The Daily Telegraph
Rees-mogg faces court review over right to strike
JACOB REES-MOGG is facing a High Court showdown with trade union chiefs over plans to reduce the impact of strike action.
Ministers plan to water-down industrial laws to allow agency workers to fill the roles of striking workers after businesses were hit by a “summer of discontent” amid the cost of living crisis.
Eleven trade unions, including Unite, GMB and the RMT, have launched a Judicial Review claiming the laws would undermine the right to strike.
Frances O’grady, TUC general secretary said: “The right to strike is a fundamental British liberty.
“But the Government is attacking it in broad daylight. Threatening this right tilts the balance of power too far towards employers.
“It means workers can’t stand up for decent services and safety at work – or defend their jobs and pay.
“Ministers failed to consult with unions, as the law requires. And restricting the freedom to strike is a breach of international law.”
Liz Truss is reportedly planning a “bonfire on workers’ rights” as she repeals EU laws that were brought in under Agency Workers Regulations more than a decade ago.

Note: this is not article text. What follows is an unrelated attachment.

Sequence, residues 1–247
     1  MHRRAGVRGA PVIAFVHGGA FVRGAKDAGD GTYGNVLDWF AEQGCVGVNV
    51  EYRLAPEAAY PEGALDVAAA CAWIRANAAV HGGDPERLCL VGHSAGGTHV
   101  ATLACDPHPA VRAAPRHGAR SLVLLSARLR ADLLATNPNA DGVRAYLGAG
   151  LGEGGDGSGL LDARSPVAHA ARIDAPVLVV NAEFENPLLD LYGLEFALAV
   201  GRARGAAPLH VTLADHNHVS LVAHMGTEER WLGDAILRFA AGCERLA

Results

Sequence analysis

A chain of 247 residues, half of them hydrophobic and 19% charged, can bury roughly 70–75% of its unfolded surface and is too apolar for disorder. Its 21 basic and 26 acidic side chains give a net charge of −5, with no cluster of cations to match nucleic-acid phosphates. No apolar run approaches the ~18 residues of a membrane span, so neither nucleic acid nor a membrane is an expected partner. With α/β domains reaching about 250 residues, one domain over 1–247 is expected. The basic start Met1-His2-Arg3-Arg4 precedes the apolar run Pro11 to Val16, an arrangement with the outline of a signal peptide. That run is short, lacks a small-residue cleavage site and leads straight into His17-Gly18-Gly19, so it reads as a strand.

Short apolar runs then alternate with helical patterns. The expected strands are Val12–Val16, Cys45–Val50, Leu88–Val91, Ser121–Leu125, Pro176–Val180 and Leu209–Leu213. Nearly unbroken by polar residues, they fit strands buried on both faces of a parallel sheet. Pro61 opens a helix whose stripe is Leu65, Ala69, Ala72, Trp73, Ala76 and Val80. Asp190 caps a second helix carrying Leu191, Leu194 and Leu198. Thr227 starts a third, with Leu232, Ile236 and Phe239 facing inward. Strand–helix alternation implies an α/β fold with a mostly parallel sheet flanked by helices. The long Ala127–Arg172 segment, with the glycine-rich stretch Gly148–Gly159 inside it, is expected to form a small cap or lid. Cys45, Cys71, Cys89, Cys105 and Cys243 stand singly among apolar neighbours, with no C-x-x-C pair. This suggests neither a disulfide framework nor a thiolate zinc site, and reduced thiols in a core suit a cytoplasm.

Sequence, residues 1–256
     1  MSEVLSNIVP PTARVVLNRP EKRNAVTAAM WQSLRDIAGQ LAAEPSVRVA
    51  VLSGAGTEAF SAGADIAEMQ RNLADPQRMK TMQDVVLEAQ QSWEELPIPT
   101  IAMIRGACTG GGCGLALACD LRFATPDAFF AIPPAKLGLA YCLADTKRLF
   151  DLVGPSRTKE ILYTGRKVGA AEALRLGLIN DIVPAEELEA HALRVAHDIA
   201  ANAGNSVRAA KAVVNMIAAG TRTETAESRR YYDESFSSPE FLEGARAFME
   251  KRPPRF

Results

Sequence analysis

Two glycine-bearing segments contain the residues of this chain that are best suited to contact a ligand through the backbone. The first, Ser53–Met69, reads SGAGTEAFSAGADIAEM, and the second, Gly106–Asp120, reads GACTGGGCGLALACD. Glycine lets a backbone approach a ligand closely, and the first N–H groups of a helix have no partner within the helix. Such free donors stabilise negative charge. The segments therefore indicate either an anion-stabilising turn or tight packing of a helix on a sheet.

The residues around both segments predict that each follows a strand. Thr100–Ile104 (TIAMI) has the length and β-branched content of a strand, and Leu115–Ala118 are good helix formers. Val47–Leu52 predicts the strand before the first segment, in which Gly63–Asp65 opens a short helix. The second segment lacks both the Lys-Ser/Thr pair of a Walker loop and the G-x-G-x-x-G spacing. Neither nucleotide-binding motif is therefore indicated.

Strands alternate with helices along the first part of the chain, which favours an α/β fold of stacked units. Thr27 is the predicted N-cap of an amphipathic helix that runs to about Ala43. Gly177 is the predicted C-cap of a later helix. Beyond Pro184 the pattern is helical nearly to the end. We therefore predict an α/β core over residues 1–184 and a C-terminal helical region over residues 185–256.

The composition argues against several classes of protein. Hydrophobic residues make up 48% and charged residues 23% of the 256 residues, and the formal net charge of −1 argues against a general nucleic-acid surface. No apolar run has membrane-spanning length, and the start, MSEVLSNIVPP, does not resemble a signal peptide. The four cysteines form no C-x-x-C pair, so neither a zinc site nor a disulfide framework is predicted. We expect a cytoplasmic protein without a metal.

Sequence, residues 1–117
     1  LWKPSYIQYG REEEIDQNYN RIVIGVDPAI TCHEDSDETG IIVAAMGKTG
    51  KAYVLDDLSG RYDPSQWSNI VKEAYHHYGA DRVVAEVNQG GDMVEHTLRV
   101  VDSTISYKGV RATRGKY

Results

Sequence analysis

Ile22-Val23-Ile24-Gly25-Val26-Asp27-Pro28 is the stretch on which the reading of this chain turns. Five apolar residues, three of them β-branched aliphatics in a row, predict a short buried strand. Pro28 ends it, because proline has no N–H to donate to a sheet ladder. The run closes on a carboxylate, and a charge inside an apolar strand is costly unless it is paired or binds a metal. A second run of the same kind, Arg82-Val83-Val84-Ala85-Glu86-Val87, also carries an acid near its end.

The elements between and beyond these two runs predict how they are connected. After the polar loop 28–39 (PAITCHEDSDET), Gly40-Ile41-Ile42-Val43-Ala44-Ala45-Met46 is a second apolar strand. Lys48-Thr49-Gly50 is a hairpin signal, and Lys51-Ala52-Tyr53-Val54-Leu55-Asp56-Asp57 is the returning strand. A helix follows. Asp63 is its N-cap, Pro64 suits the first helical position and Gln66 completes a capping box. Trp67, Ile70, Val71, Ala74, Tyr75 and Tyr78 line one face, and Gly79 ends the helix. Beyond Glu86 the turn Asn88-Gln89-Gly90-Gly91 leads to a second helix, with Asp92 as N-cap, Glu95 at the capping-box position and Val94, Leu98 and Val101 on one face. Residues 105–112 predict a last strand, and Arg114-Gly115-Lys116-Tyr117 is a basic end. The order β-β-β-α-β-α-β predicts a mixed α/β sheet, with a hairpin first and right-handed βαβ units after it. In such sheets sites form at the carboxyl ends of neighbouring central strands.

The Prime Minister also wants to follow through on Boris Johnson’s proposals to set minimum service levels during transport strikes as is the case in France and other EU countries.
The unions claim Mr Rees-mogg, the Business Secretary, failed to consult with them as is required by the Employment Agencies Act 1973. They also claim that changes would violate trade union rights under Article 11 of the European Convention on Human Rights.
Richard Arthur from Thompsons Solicitors, representing the unions, said: “The right to strike is respected and protected by international law.”
Hundreds of dock workers at the Port of Liverpool began a two-week strike over pay yesterday and another round of industrial action at Felixstowe – the UK’S biggest container port – begins on Sept 27.